Traditional HMOs (Health Maintenance Organizations) and EPOs (Exclusive Provider Organizations) may disallow coverage to providers outside their networks. This lets them keep their premiums lower than other kinds of plans. Unless your in-network doctor approves care for you from a provider outside our network, you will likely have to pay the full cost of services provided.

CHPW is an HMO. We’re proud of our network across Washington state and the care they provide our members.

PPOs (Preferred Provider Organizations) or POSs (Point-of-Service Plans) give you a choice of getting care within or outside of the provider network, although the costs are usually higher if the care is out-of-network.

FFSs (Fee-for-Service Plans) usually don’t have networks. That means you can see any doctor you choose, but you may have to pay more and fill out extra paperwork.

If I enroll in CHPW, will I be able to keep seeing my doctor?

We contract with more than 2,500 primary care providers and more than 14,000 medical specialists.

To find out if your current doctor is in the CHPW provider network, search our online directory. You can also call CHPW Customer Service, 8 am to 5 pm, Monday through Friday.

What’s the difference between CHPW’s regular Apple Health plan and a BHSO plan?

If you already have health coverage through another program, like Medicare, Tribal Health, or Foster Care, you can get extra coverage just for mental health and substance use services through our Behavioral Health Services Only (BHSO) plan. You won’t have copays for services that are covered or approved from in-network providers.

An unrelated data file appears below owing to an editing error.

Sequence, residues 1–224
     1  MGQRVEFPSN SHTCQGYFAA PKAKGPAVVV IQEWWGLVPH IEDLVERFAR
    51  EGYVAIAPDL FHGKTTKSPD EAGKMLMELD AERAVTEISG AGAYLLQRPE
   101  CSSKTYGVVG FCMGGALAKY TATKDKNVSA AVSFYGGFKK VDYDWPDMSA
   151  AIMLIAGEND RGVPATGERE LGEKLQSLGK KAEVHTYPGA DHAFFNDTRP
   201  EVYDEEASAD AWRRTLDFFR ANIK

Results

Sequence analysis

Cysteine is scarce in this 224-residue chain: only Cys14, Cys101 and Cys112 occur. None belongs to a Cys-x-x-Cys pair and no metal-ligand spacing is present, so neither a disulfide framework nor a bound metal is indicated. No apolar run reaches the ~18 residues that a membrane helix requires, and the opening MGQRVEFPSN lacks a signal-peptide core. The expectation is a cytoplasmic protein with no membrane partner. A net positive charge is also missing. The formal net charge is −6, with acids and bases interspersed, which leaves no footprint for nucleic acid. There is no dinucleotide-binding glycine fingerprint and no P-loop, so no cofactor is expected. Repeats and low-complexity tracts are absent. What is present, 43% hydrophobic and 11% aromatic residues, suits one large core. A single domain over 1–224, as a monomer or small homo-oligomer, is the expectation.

Substance use services include: Assessment, detox, opiate substitution services, inpatient residential treatment, outpatient treatment.

Mental health services include: Evaluation, medication management, stabilization services, family treatment, crisis services.

Other services include: Emergency services, hospital services, evaluations, lab services.

For more BHSO covered services, call us or see our member handbook.

Will I get an ID card from Community Health Plan of Washington?

When you enroll in CHPW you will be sent an ID card. Your member ID card lets your provider know to bill Community Health Plan of Washington for your services.

Each person in your family who signs up with Community Health Plan of Washington will get their own ID card. Separately, the Health Care Authority (HCA) will send you a ProviderOne Services card to show that you are enrolled in Washington state’s Apple Health (Medicaid) program.